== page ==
Cocaine Addiction Treatment Levels of Care

    Medical Detox

    Cocaine withdrawal isn’t often life-threatening, but it can be extremely uncomfortable. Medically monitored detox ensures you’re as safe and comfortable as possible to manage your symptoms while the drug clears your system.

    Inpatient Treatment

    Inpatient treatment involves 24/7 care in a residential environment. You can attend treatment sessions during the day and spend the night at the facility with others in recovery. This is ideal for people who need structured, supervised care.

    Outpatient Treatment

    Outpatient treatment is more flexible than inpatient treatment and involves treatment sessions during the day, but you have time to manage your responsibilities to work or family.

    Therapies Used in Cocaine Addiction Treatment

    • Cognitive behavioral therapy (CBT): This focuses on the unhelpful thought processes that lead to problem behaviors. Once these thoughts are identified, they can be replaced with healthier ones.
    • Dialectical behavior therapy (DBT): helps patients learn to understand, accept, and regulate their emotions with healthier outlets.
    • Motivational interviewing: this treatment helps people find their own motivation to change their behaviors.
    • Contingency management: This method uses incentives to change behaviors and reward abstinence.
    • Experiential therapy: This type of therapy uses activities, animals, art, or other experiences to facilitate change.
    • Twelve-step facilitation: This program uses 12-step mutual-support groups to build connection and overcome addiction.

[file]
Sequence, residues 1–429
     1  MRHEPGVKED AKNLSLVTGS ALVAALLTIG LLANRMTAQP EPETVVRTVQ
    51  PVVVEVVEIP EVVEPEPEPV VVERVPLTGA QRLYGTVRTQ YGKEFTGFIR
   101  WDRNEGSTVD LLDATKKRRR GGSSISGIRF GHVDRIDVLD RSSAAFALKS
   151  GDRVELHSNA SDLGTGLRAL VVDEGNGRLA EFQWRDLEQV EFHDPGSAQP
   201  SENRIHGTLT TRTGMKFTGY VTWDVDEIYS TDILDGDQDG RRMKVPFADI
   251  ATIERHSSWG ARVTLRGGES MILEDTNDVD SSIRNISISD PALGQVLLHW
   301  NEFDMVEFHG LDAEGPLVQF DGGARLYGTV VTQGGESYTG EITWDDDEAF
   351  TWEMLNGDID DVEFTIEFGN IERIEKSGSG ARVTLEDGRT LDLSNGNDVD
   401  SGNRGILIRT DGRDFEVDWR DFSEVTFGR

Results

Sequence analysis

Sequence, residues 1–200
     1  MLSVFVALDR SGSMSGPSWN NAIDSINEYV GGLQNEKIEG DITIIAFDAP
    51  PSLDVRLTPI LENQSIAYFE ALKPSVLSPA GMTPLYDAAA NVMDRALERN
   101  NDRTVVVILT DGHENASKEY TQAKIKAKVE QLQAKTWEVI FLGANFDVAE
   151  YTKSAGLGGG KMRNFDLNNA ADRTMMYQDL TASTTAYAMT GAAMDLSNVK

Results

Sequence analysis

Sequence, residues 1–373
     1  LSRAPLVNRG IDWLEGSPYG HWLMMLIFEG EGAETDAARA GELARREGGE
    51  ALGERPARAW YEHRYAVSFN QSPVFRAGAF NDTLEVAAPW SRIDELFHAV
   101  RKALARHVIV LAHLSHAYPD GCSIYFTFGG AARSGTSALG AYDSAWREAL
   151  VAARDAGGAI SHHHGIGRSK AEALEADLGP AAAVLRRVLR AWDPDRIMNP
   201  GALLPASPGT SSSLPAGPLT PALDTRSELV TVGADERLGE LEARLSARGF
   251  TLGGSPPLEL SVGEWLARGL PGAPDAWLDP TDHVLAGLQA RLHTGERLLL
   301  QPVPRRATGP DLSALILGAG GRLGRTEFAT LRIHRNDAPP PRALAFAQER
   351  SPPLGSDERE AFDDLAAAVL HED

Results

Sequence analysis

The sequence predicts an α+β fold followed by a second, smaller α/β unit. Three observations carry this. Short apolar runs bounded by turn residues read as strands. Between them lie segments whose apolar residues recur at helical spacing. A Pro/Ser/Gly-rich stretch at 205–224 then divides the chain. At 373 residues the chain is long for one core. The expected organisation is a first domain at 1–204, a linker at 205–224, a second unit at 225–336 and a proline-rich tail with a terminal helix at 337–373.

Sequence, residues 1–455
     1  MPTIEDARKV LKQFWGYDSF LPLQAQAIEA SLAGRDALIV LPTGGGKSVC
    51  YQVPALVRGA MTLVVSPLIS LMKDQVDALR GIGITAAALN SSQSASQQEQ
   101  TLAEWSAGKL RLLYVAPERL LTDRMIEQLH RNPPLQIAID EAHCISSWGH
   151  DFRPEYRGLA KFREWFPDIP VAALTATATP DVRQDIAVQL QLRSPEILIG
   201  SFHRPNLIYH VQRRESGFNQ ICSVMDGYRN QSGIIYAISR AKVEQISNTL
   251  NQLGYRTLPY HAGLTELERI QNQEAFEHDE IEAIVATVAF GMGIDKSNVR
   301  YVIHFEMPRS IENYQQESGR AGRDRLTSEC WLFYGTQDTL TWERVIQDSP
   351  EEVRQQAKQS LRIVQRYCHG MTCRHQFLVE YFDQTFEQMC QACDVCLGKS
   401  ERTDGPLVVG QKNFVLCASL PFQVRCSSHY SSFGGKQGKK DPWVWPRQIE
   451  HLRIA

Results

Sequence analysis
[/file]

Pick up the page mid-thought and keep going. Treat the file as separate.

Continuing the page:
Cocaine Addiction and Mental Health

    Cocaine addiction can trigger or worsen other mental health conditions, such as anxiety disorders, bipolar disorder, and psychosis.[14]

    Co-Occurring Disorders

    When you have a substance use disorder, like cocaine use disorder, and a mental health condition, this is known as a co-occurring disorder. Recovery hinges upon treating both of these conditions simultaneously, rather than individually.

    Cocaine often co-occurs with depression, anxiety, attention deficit hyperactivity disorder, borderline personality disorder, and antisocial personality disorder.[16]

    How to Find Cocaine Addiction Treatment in Connecticut

    The best way to find approved cocaine addiction treatment providers is by speaking to your insurance company or your primary care provider. The Substance Abuse and Mental Health Services Administration also offers a Behavioral Health Services Locator tool to find cocaine addiction treatment near you.

    Once you have a list of possible providers, do your research and evaluate their services, treatment options, and client reviews. If you want to take the next step, contact the helpline at Paramount Wellness Retreat and speak to our compassionate care team.


    Cocaine Detox and Withdrawal Management

    Stopping cocaine use can be extremely uncomfortable. It can take several days or up to a week, which is why medical detox and withdrawal management are recommended to keep you safe and comfortable.


    Frequently Asked Questions